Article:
Phyllis Newcombe's name was finally attached to the new legend of her death in 1976 by Michael Harrison in his book, Fire From Heaven. It's clear from the text that Harrison had seen some of the earlier accounts of Newcombe's death, and had then attached her to the legend he'd picked up either from Eckert's or Gaddis' work... it's unclear if he ever knew that the two different accounts were actually related, or if he was just trying to add some facts to an unproven legend to make it sound more authoritative. In Harrison's version of the story, Newcombe bursts into flames while dancing, and dies minutes later in the manager's office of severe burns. 

        The final transmutation of Newcombe's death came in Larry Arnold's 1995 book, Ablaze!, where, again, she is dancing with her fiance McAusland, when she bursts into flames; but this time, despite McAusland trying to beat out the flames bare handed, "in minutes she was ashes, unrecognizable as a human being..." but distinctly recognizable as a case of spontaneous human combustion. It is this version of the tale that is most often repeated, for the obvious reason that it is both exciting and supernatural; but inconveniently, just not true.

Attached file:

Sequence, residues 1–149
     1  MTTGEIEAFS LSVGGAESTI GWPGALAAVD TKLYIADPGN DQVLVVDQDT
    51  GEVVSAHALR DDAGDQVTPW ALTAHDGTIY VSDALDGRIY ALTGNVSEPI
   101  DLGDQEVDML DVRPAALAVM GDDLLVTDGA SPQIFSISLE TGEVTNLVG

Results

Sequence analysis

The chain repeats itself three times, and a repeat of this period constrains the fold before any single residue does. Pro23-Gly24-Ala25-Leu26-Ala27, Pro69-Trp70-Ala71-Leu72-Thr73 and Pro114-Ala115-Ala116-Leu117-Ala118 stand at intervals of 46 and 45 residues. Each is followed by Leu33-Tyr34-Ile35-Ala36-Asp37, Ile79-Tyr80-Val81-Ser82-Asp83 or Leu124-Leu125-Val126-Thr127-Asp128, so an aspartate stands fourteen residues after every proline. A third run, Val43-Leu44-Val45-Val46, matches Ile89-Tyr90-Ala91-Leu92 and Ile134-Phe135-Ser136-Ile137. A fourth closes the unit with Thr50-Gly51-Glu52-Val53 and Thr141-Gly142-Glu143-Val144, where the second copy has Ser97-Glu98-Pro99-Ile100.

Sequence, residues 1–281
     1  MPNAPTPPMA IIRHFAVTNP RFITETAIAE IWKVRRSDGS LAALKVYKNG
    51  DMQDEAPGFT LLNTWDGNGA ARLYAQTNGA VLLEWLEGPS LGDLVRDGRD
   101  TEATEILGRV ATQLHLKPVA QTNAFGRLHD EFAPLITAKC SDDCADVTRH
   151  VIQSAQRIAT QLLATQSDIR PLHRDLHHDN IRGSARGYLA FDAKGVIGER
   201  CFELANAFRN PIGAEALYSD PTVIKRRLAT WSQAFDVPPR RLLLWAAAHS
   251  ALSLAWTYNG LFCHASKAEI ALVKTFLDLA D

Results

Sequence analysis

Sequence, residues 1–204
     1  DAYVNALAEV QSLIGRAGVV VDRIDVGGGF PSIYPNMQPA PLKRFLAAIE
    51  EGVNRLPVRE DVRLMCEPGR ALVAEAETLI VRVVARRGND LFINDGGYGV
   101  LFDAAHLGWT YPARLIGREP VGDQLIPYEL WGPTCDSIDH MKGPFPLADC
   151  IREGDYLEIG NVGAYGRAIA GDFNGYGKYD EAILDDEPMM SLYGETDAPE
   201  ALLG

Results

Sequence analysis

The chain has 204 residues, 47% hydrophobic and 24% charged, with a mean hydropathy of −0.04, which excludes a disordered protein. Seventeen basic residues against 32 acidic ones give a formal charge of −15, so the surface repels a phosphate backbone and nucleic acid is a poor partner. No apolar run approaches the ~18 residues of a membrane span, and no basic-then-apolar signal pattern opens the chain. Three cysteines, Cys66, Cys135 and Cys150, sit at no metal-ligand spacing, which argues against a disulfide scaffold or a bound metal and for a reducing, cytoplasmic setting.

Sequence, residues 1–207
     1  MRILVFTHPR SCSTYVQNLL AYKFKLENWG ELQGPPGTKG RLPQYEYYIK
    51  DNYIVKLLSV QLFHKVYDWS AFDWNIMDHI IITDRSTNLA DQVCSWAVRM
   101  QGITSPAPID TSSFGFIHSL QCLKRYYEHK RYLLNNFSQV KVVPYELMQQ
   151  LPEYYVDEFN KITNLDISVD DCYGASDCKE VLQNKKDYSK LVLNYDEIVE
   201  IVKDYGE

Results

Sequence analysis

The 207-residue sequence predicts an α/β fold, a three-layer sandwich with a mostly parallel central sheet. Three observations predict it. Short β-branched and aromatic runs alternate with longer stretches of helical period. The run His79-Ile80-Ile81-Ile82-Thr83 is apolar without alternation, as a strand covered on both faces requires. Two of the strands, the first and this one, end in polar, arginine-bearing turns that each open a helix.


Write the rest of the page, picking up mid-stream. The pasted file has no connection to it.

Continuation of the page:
One mystery still remains, however; how did Newcombe's dress actually catch on fire that night in Chelmsford? One plausible answer that was suggested by Nienhuys in his study was that a lit match had fallen on the front of her dress, tossed by some "careless person," as Henry McAusland had suggested. Which careless person?

        Likely, Henry McAusland himself.

        McAusland testified that he had been walking about five steps in front of Newcombe that night when her dress caught fire. He was also the person who suggested that a careless cigarette might have caused the accident. So the main question that will probably never have an answer is whether or not McAusland had lit a cigarette and dropped a match that fateful night.